Who is a Lincoln Berry?
Jazz organist Lincoln Berry: Was born in St. Paul, MN and was the oldest of twelve. His musical background started on the piano at age three and played his first concert when he was at five yrs old. He was named church pianist at age eight. At age fourteen he played guitar as guest artist with Sam Cooke before he left the gospel group. At 16 he played behind Mahalia Jackson for several appearances with rev Billy graham crusade. At 17 he worked with young musician in several states in the mid-west training them to set-up and play the Hammond organ as churches in his denomination were acquiring them in large numbers. At 18 he did first pro gig as bassist, his 2nd as pianist, his 3rd as drummer and a few more on the piano all as a senior in high school.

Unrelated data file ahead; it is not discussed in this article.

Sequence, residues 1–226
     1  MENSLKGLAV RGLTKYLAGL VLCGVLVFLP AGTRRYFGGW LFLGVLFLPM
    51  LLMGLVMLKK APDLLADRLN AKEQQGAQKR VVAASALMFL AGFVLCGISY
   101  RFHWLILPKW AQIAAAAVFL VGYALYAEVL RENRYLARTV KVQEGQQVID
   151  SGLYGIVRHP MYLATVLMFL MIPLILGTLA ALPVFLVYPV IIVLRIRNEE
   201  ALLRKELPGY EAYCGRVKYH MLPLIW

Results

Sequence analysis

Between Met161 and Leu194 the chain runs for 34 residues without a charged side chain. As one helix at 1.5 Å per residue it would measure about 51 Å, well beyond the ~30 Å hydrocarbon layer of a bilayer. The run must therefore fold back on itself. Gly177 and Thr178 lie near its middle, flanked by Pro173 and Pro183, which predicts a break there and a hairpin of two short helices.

Ten years ago Lincoln gave me the following for an article I was writing for a Dayton paper: “In 1962 started my true pro career started in Denver co. I was miles from home, had no job, almost broke, and didn’t want to be a burden on my family (after all I am the eldest of 11). I was walking down Welton Street and saw a sign that read, “talent contest every Tuesday night, winners receive $50, $25, $10″. I said to myself “I’m going to win that contest!” when upon entering the club there sat my favorite instrument, a “b3”! I was dashed when the bartender said, “that ended two weeks ago. We now have twist contest” (chubby checker era}. As I was leaving, the owner was coming in the door and asked, “May I help you young man?” (I looked all of 16). I said “no sir. They don’t have contest here any more.” “What do you do?” he asked, “Play the organ” I replied. He wanted to hear me so I played for him. I only knew about five secular standard tunes. Later I found out he and the barmaid were discussing my performance. She said, “He’ll never make it”. He said, ” Look at those big feet. He’s our next organist”. I would be replacing the well-known James Booker. That night I stopped in to hear the group. I thought I will never be able to do this, but I’m hungry so I must. I met the fellows and played for them. The guitarist (Brice Roberson) asked where I was from. It turned out he knew my cousin Thelma who was a dancer at the key club inMinneapolis. He said he knew of my reputation as a top gospel organist in the mid west. The bandleader, homer brown (tenor sax) showed me some charts and asked me to play them. He said, “you have an excellent left foot, but for jazz you need to develop your left hand. The singer (Gladys Denton) acted kind of snooty and gave me the feeling that I wasn’t good enough for them. I was to start in ten days. Homer worked with me every day and I learned three to five tunes and/or arrangements a day. I was only to play bass lines from the start, but after two nights I could not hold back from copying chords I heard from Brice who said “he said he has ears as big as this room” Three weeks and 100 tunes later, Gloria Lynn was to headline three days at the club. That was my first time backing well-known artist. I did not own my own b3 so I was stuck at this location for two and a half years. It so happened the club owner Leroy Smith was a promoter and hired many national known artists for concerts and performances at his club. Our band backed up about 75% of them.”